Italian marines held in India return home to vote
ROME (Reuters) - Two Italian marines charged in India with killing two fishermen while on anti-pirate duty a year ago arrived home on Saturday to vote in parliamentary elections this weekend.
"We are happy to be back home. This has been possible because India's Supreme Court ... has shown itself to be very democratic by recognising our right to vote," Massimiliano Latorre said on arrival at Rome Fiumicino airport with his colleague, Salvatore Girone.
The two sailors, part of a military security team protecting the tanker Enrica Lexie, are accused of shooting the two fishermen they say they mistook for pirates off the coast of Kerala in February last year.
The incident has caused a serious diplomatic dispute between Italy and India, which have traditionally had good relations.
India's Supreme Court said in a long-awaited ruling last month that India had jurisdiction to try the marines, setting the stage for a criminal trial that could further sour ties between the two nations.
Italy had challenged India's right to try the two, arguing that the shooting had taken place in international waters.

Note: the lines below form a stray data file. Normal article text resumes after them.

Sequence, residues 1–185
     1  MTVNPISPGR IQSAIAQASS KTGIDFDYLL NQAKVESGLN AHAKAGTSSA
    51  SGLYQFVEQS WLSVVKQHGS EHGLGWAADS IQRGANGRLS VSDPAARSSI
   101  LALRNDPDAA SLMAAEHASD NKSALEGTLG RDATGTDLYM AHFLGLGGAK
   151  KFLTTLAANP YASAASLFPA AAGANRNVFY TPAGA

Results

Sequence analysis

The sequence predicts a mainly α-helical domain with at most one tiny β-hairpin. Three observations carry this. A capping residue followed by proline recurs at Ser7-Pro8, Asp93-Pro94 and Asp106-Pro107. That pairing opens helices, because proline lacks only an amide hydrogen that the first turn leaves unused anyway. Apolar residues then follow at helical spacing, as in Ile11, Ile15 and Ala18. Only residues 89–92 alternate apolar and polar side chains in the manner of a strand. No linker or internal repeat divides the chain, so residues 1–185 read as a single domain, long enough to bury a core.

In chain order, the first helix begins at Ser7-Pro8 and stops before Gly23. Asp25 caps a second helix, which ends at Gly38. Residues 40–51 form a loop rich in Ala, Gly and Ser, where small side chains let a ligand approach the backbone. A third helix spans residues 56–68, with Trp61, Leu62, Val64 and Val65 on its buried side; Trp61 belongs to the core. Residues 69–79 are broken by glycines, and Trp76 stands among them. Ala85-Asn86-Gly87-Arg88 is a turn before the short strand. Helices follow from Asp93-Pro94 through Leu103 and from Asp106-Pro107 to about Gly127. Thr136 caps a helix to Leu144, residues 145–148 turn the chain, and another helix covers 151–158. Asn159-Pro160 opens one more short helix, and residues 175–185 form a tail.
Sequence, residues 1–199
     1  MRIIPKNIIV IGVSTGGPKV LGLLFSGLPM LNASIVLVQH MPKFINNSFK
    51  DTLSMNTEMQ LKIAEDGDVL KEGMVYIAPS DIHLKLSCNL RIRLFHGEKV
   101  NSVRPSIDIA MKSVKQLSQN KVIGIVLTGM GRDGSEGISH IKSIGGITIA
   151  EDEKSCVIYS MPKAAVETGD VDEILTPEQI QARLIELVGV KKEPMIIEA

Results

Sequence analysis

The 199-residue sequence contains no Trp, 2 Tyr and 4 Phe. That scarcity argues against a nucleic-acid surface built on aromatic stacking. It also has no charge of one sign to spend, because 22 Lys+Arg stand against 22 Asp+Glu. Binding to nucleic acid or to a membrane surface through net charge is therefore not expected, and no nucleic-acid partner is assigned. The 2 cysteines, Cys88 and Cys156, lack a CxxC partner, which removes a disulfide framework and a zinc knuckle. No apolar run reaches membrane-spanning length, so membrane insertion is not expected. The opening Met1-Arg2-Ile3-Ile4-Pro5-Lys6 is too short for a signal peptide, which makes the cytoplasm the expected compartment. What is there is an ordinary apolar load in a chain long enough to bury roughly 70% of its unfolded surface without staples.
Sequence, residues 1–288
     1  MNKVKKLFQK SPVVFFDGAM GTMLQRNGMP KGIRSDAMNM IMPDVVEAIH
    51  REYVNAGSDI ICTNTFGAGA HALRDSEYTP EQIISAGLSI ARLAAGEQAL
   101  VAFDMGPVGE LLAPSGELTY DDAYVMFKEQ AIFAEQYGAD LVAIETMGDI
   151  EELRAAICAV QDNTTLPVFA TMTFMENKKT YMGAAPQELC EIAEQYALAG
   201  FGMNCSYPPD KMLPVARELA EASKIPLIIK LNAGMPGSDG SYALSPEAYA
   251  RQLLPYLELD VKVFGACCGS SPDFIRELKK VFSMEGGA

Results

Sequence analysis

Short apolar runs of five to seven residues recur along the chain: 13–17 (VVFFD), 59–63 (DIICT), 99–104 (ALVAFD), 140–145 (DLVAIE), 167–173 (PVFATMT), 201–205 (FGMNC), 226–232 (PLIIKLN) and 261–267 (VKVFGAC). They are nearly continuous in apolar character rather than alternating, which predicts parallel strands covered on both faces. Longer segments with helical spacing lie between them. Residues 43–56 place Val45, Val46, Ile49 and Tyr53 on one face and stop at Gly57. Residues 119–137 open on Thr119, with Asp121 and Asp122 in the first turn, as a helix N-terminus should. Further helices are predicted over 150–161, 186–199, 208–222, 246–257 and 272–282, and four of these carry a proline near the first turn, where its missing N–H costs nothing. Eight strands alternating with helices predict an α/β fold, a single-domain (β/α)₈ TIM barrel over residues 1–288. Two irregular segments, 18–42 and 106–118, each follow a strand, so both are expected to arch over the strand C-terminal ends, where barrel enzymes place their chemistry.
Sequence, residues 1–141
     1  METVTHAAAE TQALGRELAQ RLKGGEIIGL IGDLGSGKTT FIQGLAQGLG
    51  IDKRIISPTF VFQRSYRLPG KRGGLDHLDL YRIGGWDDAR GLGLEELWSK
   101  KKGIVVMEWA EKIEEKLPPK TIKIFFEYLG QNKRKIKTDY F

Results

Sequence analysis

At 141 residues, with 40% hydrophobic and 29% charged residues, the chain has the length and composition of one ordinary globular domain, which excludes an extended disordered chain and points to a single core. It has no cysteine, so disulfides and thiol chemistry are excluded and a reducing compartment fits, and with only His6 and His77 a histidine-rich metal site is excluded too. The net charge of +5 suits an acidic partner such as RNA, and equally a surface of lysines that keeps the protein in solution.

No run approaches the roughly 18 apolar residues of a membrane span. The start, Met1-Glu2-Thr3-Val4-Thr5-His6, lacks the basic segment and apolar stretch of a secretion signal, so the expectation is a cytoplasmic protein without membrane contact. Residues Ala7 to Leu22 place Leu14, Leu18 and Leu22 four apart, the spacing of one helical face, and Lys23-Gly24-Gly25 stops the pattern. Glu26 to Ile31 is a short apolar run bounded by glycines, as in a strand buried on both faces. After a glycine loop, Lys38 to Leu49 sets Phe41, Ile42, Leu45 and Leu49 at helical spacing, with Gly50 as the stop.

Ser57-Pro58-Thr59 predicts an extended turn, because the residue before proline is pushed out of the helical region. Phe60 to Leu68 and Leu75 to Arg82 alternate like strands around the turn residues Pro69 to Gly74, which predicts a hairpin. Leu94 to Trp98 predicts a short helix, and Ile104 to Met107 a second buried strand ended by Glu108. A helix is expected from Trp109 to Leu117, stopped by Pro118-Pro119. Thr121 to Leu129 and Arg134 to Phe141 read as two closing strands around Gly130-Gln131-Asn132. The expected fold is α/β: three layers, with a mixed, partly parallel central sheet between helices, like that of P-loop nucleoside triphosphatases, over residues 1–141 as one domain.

The men were welcomed at the airport by outgoing Prime Minister Mario Monti. They will be allowed to stay in Italy for four weeks.
The Italians also spent Christmas in Italy, after a Kerala court allowed them to join their families for the holiday, on condition they returned to India by January 10, which they did.
The marines are held at the Italian embassy in New Delhi and report to a police station once a week.
(Reporting by Catherine Hornby; Editing by Jon Hemming)
- Tweet this
- Share this
- Digg this
- Google launches new email service dubbed "Inbox"
- Lax security in focus after attack at Canada's parliament
- U.S.-led air strikes killed 521 fighters, 32 civilians in Syria - monitor
- India hope to get boxer Sarita Devi's suspension reversed
- Motor racing-Caterham F1 factory closed, team's fate in the balance
India could allow commercial coal mining by foreign companies if they set up units in the country, opening the door for global giants like Rio Tinto to access the world's fifth largest coal reserves, a source familiar with the matter said. Full Article